meanwhile, back in winery, things were getting moving along with the barrel tasting and tours for customers. We were going to take the opportunity to do a little barrel tasting ourselves, but were running out of time. We still needed to drop Mark at the train station and catch our plane at Dulles Airport. Sadly, barrel tasting would have to be left for next time - and we definitely decided there would be a next time.

Yep, this was an eye-opener. No, these wines weren't powerhouse examples of fruit, or blockbusters of extraction and texture. What they were was somewhat leaner, less alcoholic, more feminine, and possibly more delicate or elegant. They seemed to be a fascinating bridge between "old world" and "new world," almost in direct proportion to their geographic location between Europe and California.

More than once I found myself asking these folks, "Why here?" I was certain that they must all be natives - a few were, but the vast majority were not. I wondered (sometimes aloud) if these talented people somehow felt like they were playing in the Minor Leagues by not going West. They indulged me, and down to the last person explained that the challenge of growing wine here held its own rewards. One of them did admit that they were indeed the Minor Leagues - but, hastened to add they were not making Minor League wines. It was beginning to sink in, and at one point I looked at Jay, "these guys aren't undiscovered - they're hiding out! I'll bet they're part of some winegrower-witness relocation program."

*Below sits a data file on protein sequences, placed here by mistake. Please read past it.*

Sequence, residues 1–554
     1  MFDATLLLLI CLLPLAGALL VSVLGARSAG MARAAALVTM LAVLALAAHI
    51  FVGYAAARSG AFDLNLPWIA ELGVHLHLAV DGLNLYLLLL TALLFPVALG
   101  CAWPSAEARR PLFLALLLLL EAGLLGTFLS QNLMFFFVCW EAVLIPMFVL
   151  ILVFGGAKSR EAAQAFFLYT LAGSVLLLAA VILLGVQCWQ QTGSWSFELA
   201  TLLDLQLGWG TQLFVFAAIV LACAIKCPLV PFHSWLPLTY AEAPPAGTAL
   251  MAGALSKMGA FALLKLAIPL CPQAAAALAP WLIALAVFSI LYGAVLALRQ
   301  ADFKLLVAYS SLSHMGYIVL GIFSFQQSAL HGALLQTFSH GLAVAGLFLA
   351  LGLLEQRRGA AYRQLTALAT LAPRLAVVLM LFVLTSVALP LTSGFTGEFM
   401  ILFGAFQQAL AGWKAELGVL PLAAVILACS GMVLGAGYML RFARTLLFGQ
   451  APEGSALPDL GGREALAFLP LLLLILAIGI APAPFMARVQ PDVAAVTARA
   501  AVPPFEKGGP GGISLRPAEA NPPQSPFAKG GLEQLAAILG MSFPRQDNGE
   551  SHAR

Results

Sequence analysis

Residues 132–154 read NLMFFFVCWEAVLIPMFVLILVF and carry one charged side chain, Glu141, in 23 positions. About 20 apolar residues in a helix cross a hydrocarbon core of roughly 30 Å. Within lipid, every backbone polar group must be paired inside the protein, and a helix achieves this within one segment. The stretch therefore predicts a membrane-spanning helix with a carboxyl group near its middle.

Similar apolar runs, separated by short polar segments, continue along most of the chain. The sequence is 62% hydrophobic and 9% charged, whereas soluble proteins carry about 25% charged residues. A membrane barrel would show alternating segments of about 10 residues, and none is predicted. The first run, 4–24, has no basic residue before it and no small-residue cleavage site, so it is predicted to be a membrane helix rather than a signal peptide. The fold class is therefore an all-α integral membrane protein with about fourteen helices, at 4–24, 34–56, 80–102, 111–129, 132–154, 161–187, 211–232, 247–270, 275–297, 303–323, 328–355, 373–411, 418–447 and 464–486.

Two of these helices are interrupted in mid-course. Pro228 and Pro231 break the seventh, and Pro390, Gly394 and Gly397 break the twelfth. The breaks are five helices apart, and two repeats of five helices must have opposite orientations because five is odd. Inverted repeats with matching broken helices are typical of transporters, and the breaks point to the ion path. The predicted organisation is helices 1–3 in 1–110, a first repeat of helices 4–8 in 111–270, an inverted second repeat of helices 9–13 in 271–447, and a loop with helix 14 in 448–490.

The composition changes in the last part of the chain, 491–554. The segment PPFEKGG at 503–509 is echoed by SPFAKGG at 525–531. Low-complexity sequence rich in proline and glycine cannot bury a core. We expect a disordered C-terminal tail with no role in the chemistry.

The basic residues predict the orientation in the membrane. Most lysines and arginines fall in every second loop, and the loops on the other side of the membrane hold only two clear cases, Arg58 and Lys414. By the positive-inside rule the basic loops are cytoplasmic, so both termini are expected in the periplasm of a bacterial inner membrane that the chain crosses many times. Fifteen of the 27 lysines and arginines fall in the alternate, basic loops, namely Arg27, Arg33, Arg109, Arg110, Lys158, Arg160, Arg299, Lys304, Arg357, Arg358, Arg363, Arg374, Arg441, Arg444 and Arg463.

March 21, 2007

GrapeRadio was invited to come to Washington DC to cover the press conference and reception for the Joint Declaration to Protect Wine Place Names & Origin. What began in 2005 with the regions of Napa Valley, Oregon, Washington, Walla Walla Valley, Champagne, Porto, and Jerez forming a coalition to promote truth in labeling, picked up additional signators with Sonoma County and Paso Robles, California; Chianti Classico, Italy; Tokaj, Hungary; and, Victoria, and Western Australia.

A reception and wine-tasting was held in the Capitol that same evening, and we were there at the Cannon House Office Bldg to interview most of the signatories, as well as some attendees and Congressman Mike Thompson from Napa Valley.

Check out the press conference at GrapeRadio, and we'll have the interviews and a short video up in the near future. You can also find more info at their site:

March 10, 2007

Attended the annual Wine Cask presentation of the 2007 Santa Barbara Futures - mostly offering the 2005-06 vintages at pre-buy pricing. I'll work up a full tasting profile of most of the wineries present, and post it in my tasting note section - hopefully by early April.

Meanwhile, here were some of my highlights:

Alta Maria Grenache
Arcadian Dierberg PN
ABC Isabelle Morgan PN
Cargasacchi Jalama PN (the Jalama bottling? go figure)
Carhartt Sauvignon Blanc (another surprise)
Carlson Ashley's PN (yet another surprise)
Core Mourvedre (both of the Cores were very good)
Core "Ground Around"
Drew Jalama PN (another Jalama mama)
Foley 2a PN
Kaena "Hapa" (nice)